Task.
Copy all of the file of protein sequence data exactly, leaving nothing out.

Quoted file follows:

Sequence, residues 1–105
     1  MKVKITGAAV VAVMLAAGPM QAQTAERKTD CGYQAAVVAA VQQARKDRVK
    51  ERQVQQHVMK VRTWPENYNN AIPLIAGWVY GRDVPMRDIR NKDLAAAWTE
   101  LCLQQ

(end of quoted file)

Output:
Sequence, residues 1–105
     1  MKVKITGAAV VAVMLAAGPM QAQTAERKTD CGYQAAVVAA VQQARKDRVK
    51  ERQVQQHVMK VRTWPENYNN AIPLIAGWVY GRDVPMRDIR NKDLAAAWTE
   101  LCLQQ